For all must be done as a sacrifice, all activities must have the One Divine for their object and the heart of their meaning […] The Yogin’s aim in the practical sciences … should be to enter into the ways of the Divine and his processes […] The Yogin’s aim in the Arts should not be a mere aesthetic, mental or vital gratification, but, seeing the Divine everywhere…
Nothing must be attempted for ourselves as a separate existence; nothing done for others, whether neighbours, friends, family, country or mankind or other creatures merely because they are connected with our personal life and thought and sentiment or because the ego takes a preferential interest in their welfare.
Whatever we see and hear, whatever we touch and sense, all of which we are conscious, has to be known and felt by us as That which we worship and serve; all has to be turned into an image of the Divinity, perceived as a dwelling-place of his Godhead ….
All our actions, not less the smallest and most ordinary and trifling than the greatest and most uncommon and noble, must be performed as consecrated acts. […] Our commonest or most grossly material actions must assume this sublimated character; when we eat, we should be conscious that we are giving our food to that Presence in us; it must be a sacred offering in a temple ….
Our sacrifice is not a giving without any return or any fruitful acceptance from the other side; it is an interchange between the embodied soul and conscious Nature in us and the eternal Spirit […] The soul knows that it does not give itself to God in vain…
To live in God and not in the ego […] to feel God in all, oneself in all. […] To act in God and not in the Ego.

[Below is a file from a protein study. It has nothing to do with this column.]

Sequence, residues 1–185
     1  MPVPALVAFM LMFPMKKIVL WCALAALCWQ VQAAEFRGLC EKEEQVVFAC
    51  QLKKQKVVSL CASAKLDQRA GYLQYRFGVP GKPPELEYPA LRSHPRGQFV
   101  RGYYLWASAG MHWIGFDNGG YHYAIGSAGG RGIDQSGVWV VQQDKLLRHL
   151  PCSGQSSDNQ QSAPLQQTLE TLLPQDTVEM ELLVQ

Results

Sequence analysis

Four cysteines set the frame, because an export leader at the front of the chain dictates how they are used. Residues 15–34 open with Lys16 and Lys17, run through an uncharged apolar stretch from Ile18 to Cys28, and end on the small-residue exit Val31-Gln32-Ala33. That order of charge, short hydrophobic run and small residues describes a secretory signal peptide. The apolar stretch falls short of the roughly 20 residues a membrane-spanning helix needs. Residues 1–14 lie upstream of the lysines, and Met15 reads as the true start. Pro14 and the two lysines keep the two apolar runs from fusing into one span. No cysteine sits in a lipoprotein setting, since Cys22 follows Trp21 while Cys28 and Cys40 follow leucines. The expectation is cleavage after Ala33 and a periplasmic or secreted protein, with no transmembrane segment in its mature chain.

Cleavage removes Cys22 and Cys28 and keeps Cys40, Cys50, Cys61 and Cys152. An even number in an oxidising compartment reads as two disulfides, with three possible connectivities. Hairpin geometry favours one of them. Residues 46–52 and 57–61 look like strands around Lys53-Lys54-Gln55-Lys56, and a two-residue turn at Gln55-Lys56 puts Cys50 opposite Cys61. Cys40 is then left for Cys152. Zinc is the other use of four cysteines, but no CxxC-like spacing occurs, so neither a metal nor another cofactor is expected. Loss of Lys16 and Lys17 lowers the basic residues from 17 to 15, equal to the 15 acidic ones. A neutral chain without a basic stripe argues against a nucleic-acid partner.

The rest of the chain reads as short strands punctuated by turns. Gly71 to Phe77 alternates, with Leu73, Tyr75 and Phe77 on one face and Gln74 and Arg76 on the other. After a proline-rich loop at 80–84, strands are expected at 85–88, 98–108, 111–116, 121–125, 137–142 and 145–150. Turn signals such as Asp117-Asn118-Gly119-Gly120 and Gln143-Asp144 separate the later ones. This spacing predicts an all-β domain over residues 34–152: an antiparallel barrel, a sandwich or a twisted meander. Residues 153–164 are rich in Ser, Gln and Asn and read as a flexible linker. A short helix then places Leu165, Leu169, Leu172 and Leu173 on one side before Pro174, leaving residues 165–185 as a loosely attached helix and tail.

Our purpose in Yoga is to exile the limited outward-looking ego and to enthrone God in its place as the ruling Inhabitant of the nature. … This, not an exaggerated or even a sublimated energy of human intellect and action, is the type of the superman whom we are called to evolve by our Yoga.
This craving life-force or desire-soul in us has to be accepted at first, but only in order that it may be transformed. Even from the very beginning it has to be taught to renounce all other desires and concentrate itself on the passion for the Divine.
… the wise have always been unwilling to limit man’s avenues towards God; they would not shut against his entry even the narrowest portal, the lowest and darkest postern, the humblest wicket-gate. Any name, any form, any symbol, any offering has been held to be sufficient if there is the consecration along with it
A wide massive opening, a harmonised concentration of the whole being in all its parts and through all its powers upon the One who is the All is the larger action of this Yoga without which it cannot achieve its purpose.
Accepting life, he has to bear not only his own burden, but a great part of the world’s burden too along with it, as a continuation of his own sufficiently heavy load. Therefore his Yoga has much more of the nature of a battle than others ….
The Divine that we adore is not only a remote extra-cosmic Reality, but a half-veiled Manifestation present and near to us here in the universe. Life is the field of a divine manifestation not yet complete…
Our whole being—soul, mind, sense, heart, will, life, body—must consecrate all its energies so entirely and in such a way that it shall become a fit vehicle for the Divine. This is no easy task…
All Yoga is in its nature a new birth; it is a birth out of the ordinary, the mentalised material life of man into a higher spiritual consciousness and a greater and diviner being.